|Hoyt & Roberts, comps. Hoyts New Cyclopedia of Practical Quotations. 1922.|
|Smyrna, Rhodos, Colophon, Salamis, Chios, Argos, Athenæ,|
Hæ septem certant de stirpe insignis Homeri.
Smyrna, Rhodes, Colophon, Salamis, Chios, Argos, Athensthese seven cities contend as to being the birthplace of the illustrious Homer. (The second line sometimes runs Orbis de patria certat, Homere, tua.)
Anon. Tr. from Greek. Same in Antipater of Sidon.
|A rose-red city half as old as Time.|
John W. BurgonPetra. See Libbey and HoskinsJordan Valley and Petia.
|I live not in myself, but I become|
Portion of that around me; and to me
High mountains are a feeling, but the hum
Of human cities torture.
ByronChilde Harold. Canto III. St. 72.
|This poor little one-horse town.|
S. L. ClemensThe Undertakers Story.
|God made the country, and man made the town.|
CowperThe Task. Bk. I. L. 749.
| The first requisite to happiness is that a man be born in a famous city.|
EuripidesEncomium on Alcibiades. (Probably quoted.) See PlutarchLife of Demosthenes.
|In the busy haunts of men.|
Felicia D. HemansTale of the Secret Tribunal. Pt. I. L. 2.
|Seven cities warrd for Homer being dead,|
Who living had no roofe to shroud his head.
Thos. HeywoodHierarchie of the Blessed Angells.
| The axis of the earth sticks out visibly through the centre of each and every town or city.|
HolmesThe Autocrat of the Breakfast Table. VI.
|Far from gay cities, and the ways of men.|
HomerOdyssey. Bk. 14. L. 410. Popes trans.
|Non cuivis homini contingit adire Corinthum.|
Every man cannot go to Corinth.
HoraceEpistles. I. 17. 36.
|Even cities have their graves!|
LongfellowAmalfi. St. 6.
|Friends and loves we have none, nor wealth, nor blest abode|
But the hope, the burning hope, and the road, the lonely road.
Not for us are content, and quiet, and peace of mind,
For we go seeking cities that we shall never find.
| Ye are the light of the world. A city that is set on a hill cannot be hid.|
Matthew. V. 14.
|Towered cities please us then,|
And the busy hum of men.
MiltonLAllegro. L. 117.
|Nisi Dominus frustra.|
Unless the Lord keep the city the watchman waketh in vain (lit., unless the Lord in vain).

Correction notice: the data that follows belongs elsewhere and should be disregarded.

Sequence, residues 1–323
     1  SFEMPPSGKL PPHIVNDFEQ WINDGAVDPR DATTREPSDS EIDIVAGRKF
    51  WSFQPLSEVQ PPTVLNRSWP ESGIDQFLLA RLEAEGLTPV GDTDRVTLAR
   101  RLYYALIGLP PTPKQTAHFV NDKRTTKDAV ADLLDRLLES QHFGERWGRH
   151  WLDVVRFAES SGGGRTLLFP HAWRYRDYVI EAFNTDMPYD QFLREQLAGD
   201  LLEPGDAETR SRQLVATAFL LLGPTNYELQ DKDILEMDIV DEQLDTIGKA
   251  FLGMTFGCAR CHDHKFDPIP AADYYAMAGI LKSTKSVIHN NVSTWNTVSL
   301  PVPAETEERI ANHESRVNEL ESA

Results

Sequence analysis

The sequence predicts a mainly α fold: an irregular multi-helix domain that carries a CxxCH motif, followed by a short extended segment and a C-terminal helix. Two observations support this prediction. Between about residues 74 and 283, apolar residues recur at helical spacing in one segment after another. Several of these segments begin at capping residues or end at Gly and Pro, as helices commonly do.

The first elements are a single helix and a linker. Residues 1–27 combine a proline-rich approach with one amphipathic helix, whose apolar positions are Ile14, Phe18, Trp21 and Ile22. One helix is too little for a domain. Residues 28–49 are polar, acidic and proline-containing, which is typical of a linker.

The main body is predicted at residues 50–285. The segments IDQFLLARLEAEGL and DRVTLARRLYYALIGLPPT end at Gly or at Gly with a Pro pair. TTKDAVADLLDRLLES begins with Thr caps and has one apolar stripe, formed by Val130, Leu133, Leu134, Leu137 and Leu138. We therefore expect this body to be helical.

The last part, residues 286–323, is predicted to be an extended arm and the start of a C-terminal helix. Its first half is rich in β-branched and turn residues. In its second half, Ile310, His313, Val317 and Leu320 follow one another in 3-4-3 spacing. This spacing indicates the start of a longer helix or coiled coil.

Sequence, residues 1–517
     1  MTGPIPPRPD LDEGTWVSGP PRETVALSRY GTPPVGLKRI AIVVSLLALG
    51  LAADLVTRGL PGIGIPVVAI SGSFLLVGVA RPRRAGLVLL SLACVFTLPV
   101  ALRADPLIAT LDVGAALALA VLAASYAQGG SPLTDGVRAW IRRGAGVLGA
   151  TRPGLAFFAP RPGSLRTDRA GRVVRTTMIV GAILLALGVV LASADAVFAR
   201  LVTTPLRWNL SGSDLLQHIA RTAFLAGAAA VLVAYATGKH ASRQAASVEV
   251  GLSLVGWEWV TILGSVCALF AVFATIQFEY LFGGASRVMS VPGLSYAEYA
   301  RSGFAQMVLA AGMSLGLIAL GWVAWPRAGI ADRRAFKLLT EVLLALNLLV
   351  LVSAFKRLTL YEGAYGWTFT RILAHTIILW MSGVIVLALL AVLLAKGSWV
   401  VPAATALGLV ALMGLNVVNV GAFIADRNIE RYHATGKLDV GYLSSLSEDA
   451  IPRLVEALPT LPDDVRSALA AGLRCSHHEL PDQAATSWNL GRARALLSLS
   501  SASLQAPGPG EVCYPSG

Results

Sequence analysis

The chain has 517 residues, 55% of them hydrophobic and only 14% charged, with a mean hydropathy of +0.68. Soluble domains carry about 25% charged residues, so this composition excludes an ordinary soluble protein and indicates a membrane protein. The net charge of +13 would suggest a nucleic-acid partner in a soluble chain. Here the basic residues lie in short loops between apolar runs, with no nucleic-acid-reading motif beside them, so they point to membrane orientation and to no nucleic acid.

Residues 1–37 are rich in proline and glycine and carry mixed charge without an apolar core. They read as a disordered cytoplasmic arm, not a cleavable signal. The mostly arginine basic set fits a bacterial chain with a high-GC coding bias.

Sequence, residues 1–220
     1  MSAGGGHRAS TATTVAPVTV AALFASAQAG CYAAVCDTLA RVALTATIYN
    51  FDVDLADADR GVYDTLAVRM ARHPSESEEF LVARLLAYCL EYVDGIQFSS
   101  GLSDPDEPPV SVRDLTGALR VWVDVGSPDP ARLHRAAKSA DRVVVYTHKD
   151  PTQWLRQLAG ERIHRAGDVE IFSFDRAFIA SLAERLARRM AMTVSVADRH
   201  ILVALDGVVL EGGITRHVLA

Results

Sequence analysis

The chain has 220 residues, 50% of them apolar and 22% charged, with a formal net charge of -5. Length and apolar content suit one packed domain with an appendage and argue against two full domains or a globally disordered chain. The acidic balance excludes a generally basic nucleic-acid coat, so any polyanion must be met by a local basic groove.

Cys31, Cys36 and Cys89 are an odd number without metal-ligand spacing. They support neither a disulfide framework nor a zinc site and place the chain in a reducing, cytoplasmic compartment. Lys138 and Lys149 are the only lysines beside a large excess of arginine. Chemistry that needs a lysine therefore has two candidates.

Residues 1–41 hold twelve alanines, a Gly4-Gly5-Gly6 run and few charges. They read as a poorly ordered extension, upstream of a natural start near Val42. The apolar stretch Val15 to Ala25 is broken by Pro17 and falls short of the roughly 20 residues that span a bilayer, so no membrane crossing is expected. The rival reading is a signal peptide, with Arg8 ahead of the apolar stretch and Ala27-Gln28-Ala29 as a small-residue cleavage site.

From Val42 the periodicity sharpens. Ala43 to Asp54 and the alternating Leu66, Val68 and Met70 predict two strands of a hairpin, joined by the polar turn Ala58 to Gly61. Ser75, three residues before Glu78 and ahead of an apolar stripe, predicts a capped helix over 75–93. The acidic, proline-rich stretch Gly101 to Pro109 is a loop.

Motto of City of Edinburgh, adapted from Psalms. CVII. 1. Vulgate.
| Fields and trees are not willing to teach me anything; but this can be effected by men residing in the city.|
PlatoWorks. Vol. III. The Phædrus.
|I dwelt in a city enchanted,|
And lonely indeed was my lot;
* * * * *
Though the latitudes rather uncertain,
And the longitude also is vague,
The persons I pity who know not the City
The beautiful City of Prague.
W. J. ProwseThe City of Prague. (Little Village on Thames.)
| Beautiful for situation, the joy of the whole earth, is Mount Zion,
the city of the great King.|
Psalms. XLVIII. 2.
|Petite ville, grand renom.|
Small town, great renown.
RabelaisPantagruel. Bk. V. Ch. XXXV. Of Chinon, Rabelaiss native town.
|The people are the city.|
Coriolanus. Act III. Sc. 1. L. 200.
|Great Homers birthplace seven rival cities claim,|
Too mighty such monopoly of Fame.
Thomas SewardOn Shakespeares Monument at Stratford-upon-Avon.
|Urbem lateritiam accepit, mamoream relinquit.|
He [Cæsar Augustus] found a city built of brick; he left it built of marble.
Suetonius. (Adapted.) Cæsar Augustus. 28.
|The city of dreadful night.|
James ThomsonCurrent Literature for 1889. P. 492.
| Divina natura dedit agros, ars humana ædificavit urbes.|
Divine Nature gave the fields, human art built the cities.
VarroDe Re Rustica. III. 1.
|Fuimus Troes; fuit Ilium.|
We have been Trojans; Troy was.
VergilÆneid. II. 324.